After last week’s Thirsk 10 (mile) I didn’t really train that well. Maybe I was being a bit complacent that I had just PB’d at a 10-mile race and the Wakefield Hospice 10K would be easy. Spoiler Alert: It wasn’t!
A hit and miss week
Against my better judgement, I went out for a recovery run on Monday after the 10 miler the previous day. I didn’t feel too bad but the DOMS (delayed onset muscle soreness) hit me big time later in the day. Always the glutton for punishment I went out again on Tuesday but gave it a rest on Wednesday, although that was more for logistical reasons.
My hit and miss week came good on Thursday with a good 10k off-road. It was one of those runs where the weather is nice, there’s blue sky, it’s not too cold, you feel great and you could keep running all day long. I extended the planned 7k a couple of times to make it a 10k.
Friday’s 5(and a bit)k was going to be my last run before the 10k race today. This was always my plan through the week and I was sticking to it. That was until Saturday afternoon and I was restless, so off I went – just for a gentle leg loosener.
It was an off-road route I’d not put together before and all was going well until I came to a woods. Some idiots had abandoned a “camp” fire and it was still well alight and, in my opinion, spreading. The ground was really dry and whoever had done this was utterly and infuriatingly reckless. So I attempted to extinguish the flames.
Now, I was on a short run so had no water with me. I had to improvise. So, with nobody else in sight, I emptied “my tank” to put out the flames. Then I stamped out and smothered the glowing embers – oh my poor Adidas trail shoes! Damn, it was hot!
When I thought I’d got it all I took a quick loop of the woods and came back around and stamped some more.
The Wakefield Hospice 10K
I can’t say the family was overly impressed with having to get up at 6.15am so I could go and run 10k in the city we lived on the edge of for 10 years before we moved to North Yorkshire! But, as we combined the trip with checking on our house there and visiting my mum the blow was softened somewhat.
I was kindly gifted my entry to the Wakefield Hospice 10k. However, as this is a race raising vital funds for charity I have donated to them anyway.
The Wakefield Hospice 10K has 3 designated parking locations. However, as a former local, I knew plenty of on-street parking that was safe to use and only a short walk from the Thornes Park Athletic Stadium where the race finishes.
If you’ve entered online then your race number and timing chip are sent out to you in advance, and that is always handy. You could sign up on the day though, and it looked like plenty were doing that too.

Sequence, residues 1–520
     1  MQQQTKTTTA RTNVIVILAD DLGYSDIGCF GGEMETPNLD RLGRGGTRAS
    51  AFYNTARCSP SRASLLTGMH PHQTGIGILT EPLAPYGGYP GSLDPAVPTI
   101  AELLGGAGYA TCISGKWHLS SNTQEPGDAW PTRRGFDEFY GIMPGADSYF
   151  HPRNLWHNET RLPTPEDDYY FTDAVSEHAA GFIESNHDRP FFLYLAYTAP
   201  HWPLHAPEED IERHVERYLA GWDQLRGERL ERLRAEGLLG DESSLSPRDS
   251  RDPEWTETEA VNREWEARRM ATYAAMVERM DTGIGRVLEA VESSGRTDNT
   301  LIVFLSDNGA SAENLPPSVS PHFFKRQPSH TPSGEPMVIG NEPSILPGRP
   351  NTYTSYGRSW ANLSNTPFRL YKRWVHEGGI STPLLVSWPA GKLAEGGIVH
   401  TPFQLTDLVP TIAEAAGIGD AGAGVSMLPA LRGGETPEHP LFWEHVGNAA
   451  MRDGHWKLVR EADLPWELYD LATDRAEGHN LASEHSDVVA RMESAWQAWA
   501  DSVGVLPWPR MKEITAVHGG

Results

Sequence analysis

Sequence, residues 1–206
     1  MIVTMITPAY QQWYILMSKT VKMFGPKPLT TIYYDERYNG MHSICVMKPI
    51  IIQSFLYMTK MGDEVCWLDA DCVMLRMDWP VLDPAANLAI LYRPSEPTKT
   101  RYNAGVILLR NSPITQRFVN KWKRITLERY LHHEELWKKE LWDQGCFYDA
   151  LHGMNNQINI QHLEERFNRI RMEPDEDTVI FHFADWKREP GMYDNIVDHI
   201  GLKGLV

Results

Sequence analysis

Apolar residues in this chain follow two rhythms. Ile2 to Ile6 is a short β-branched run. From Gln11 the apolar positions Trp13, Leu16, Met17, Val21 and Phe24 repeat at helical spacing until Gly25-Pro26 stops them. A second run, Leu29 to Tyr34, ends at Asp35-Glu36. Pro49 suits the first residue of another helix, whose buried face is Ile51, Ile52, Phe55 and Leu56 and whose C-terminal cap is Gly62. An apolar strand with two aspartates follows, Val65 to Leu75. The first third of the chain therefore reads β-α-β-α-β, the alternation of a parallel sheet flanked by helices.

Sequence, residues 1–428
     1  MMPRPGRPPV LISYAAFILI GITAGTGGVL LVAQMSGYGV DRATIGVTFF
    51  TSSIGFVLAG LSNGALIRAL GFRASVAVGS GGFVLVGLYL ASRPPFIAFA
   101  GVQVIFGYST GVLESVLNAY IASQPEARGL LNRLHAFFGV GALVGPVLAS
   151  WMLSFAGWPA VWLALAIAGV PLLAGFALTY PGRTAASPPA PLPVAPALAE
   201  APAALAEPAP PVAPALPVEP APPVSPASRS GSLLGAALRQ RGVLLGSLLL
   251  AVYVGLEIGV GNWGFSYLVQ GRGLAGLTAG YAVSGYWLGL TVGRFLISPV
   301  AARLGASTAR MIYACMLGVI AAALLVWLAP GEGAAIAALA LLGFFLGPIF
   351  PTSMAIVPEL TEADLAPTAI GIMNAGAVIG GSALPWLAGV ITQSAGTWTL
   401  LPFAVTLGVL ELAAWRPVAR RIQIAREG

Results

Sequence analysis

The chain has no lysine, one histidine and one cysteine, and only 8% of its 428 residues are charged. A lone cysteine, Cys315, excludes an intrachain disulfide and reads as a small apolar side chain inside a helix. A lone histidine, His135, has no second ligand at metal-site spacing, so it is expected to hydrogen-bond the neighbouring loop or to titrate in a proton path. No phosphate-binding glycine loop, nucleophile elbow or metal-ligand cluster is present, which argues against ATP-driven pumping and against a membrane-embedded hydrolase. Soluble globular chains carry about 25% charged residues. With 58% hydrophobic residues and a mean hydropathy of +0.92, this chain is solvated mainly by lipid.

The race is based at the Thornes Park Athletic Stadium and you can use the changing facilities in there. In addition, there was a plentiful supply of porta-loos.
The race doesn’t start at the stadium. You are walked about a kilometre to the start line on a side road. The starting pen was narrow and we were a bit squashed but it was manageable.
When you enter the race you give you estimate finish time and you receive coloured coded race number to that effect. What I had realised was the lady on the PA wasn’t just warming the crowd up when we arrived, she was sending the runners out to the start in order and I missed it. Luckily I managed to filter through.
As I was near the front of the pen I was watching the steady flow of runners walking past us to the back of the line. I saw my sister, who is still fairly new to running, which was new for me as that’s never happened before!
Effectively this race is a simple out and back along the A642 to Horbury. I’m not a huge fan of out and backs if I’m honest, but it was pleasant enough.
It’s not flat, it does undulate but we aren’t talking about hills here. Although the gradient up to the 5km marker caught me out a little.
The back 4km is pretty much on a gentle downward gradient so good for negative splits – if you like that sort of thing.
There’s only the 1 water station on the course and that comes after you have gone around the turning point at about 5.5km.
You receive a technical t-shirt at the end, and another bottle of water. Pretty standard for a 10k so no surprises there.
Before I summarise I have to mention the lady on the PA system at the finish line. She was loud and encouraging, but she was also calling out the numbers of all the runners crossing the line wearing earphones. Earphones are not allowed in a UKA licenses race and you will be disqualified if seen wearing them. As a race director myself, I was impressed with this. The point about safety was proven that they couldn’t hear her calling them out!
It was a good race and according to my watch, I got a PB of 44:02. However, having checked the online results I am not listed so have had to email the timers about that. I probably wouldn’t do it again, mainly due to the out and back course – they just don’t inspire me.
I am really pleased to have the PB and I know that if I keep working I can get under 44 minutes. My ultimate goal is to get under 40 minutes.
Thanks for reading.